A Data Breach Could Cost Your Business £98 Per Individual Record

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This week, IBM Security and Ponemon Institute released the annual Cost of a Data Breach report.

This year’s report found that the UK experienced a decrease in the cost of a data breach, from £2.53 million in 2016, to £2.48 million in 2017. The average cost per lost or stolen record in the UK is estimated at £98.

Key points from the study include:

  • Incident Response Leads to Significant Cost Savings: For the third year in a row, the study found that having an Incident Response team in place significantly reduced the cost of a data breach, saving $19.30 USD per lost or stolen record.
  • Containment Speed Is Critical: The cost of a data breach was nearly $1 million lower on average for organizations that were able to contain a data breach in less than thirty days compared to those that took longer than 30 days.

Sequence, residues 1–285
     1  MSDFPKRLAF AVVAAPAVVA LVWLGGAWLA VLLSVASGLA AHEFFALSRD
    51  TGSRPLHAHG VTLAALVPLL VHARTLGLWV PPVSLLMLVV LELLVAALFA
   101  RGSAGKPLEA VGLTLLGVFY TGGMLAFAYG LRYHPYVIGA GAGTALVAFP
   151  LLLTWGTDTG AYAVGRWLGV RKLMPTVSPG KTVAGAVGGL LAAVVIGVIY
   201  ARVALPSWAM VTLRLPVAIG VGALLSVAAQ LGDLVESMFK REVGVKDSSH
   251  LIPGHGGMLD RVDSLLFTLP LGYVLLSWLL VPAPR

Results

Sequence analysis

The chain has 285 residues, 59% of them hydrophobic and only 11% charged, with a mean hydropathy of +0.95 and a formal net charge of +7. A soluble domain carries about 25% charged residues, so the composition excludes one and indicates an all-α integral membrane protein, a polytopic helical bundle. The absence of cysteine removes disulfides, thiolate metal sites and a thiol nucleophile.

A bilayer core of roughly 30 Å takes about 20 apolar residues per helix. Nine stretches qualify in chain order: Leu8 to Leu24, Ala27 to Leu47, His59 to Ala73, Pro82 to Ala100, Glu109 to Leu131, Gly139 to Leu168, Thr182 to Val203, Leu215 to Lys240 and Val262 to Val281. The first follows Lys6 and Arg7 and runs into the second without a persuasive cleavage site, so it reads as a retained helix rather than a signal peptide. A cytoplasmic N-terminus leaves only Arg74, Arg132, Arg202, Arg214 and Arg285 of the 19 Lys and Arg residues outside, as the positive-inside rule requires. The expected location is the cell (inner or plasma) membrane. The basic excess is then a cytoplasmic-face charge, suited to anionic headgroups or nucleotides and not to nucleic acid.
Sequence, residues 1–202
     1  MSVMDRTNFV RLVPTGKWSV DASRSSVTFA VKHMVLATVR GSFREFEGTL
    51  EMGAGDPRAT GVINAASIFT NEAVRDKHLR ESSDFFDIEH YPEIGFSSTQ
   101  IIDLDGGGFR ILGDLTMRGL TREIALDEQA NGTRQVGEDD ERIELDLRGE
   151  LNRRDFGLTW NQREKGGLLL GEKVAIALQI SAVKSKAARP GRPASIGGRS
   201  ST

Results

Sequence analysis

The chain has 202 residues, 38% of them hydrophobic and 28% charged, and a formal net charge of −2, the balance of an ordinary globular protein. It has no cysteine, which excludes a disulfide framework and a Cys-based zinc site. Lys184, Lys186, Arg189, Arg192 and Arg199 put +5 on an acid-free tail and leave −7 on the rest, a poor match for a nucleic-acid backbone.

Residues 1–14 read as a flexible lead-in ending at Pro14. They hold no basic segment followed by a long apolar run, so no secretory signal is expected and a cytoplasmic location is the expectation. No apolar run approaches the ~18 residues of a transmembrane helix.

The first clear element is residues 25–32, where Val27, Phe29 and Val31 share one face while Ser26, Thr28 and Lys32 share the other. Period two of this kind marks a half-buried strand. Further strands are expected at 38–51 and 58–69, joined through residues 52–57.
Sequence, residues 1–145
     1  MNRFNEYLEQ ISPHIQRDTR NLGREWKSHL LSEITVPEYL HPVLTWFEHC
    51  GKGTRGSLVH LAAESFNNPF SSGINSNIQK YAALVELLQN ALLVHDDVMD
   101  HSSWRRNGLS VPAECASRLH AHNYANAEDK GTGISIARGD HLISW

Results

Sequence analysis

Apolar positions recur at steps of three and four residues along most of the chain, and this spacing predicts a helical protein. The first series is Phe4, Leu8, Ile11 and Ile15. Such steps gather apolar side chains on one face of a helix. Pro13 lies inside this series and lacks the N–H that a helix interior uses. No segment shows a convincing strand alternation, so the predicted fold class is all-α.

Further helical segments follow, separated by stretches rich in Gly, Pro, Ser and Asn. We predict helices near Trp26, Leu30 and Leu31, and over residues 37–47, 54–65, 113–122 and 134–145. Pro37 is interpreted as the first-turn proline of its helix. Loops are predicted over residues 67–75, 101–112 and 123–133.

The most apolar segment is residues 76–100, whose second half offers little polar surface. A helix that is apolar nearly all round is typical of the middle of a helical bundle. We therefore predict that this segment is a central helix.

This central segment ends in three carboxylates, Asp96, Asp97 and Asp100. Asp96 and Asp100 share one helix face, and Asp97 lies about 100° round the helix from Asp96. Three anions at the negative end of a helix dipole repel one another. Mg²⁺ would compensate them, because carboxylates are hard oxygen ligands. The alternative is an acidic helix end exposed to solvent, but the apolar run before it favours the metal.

• Room for Improvement: On average, organizations took more than 6 months to identify a breach, and more than 66 additional days to contain a breach once discovered.
  • By Industry, Healthcare Breaches Most Costly: For the 7th year in a row, healthcare has topped the list as the most expensive industry for data breaches. Healthcare data breaches cost organizations $380 per record, more than 2.5 times the global average across industries ($141 per record.)
  • Top Factors Increasing Cost of a Breach: The involvement of third-parties in a data breach was the top contributing factor that led to an increase in the cost of a data breach, increasing the cost $17 per record.
  • Top Factors Reducing Cost of a Breach: Incident response, encryption and education were the factors shown to have the most impact on reducing the cost of a data breach. Having an incident response team in place resulted in $19 reduction in cost per lost or stolen record, followed by extensive use of encryption ($16 reduction per record) and employee training ($12.50 reduction per record).

IBM has also created a “Cost of a Data Breach Calculator,” which can use below.

(Source: IBM)

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